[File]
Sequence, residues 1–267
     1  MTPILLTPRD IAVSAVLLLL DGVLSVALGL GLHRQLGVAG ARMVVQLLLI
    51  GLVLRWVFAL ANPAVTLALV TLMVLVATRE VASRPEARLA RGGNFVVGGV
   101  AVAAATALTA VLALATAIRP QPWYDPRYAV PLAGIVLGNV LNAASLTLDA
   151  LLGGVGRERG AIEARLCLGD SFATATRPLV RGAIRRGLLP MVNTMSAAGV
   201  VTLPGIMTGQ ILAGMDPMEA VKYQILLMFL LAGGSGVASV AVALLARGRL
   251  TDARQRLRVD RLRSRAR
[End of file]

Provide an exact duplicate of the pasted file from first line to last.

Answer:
Sequence, residues 1–267
     1  MTPILLTPRD IAVSAVLLLL DGVLSVALGL GLHRQLGVAG ARMVVQLLLI
    51  GLVLRWVFAL ANPAVTLALV TLMVLVATRE VASRPEARLA RGGNFVVGGV
   101  AVAAATALTA VLALATAIRP QPWYDPRYAV PLAGIVLGNV LNAASLTLDA
   151  LLGGVGRERG AIEARLCLGD SFATATRPLV RGAIRRGLLP MVNTMSAAGV
   201  VTLPGIMTGQ ILAGMDPMEA VKYQILLMFL LAGGSGVASV AVALLARGRL
   251  TDARQRLRVD RLRSRAR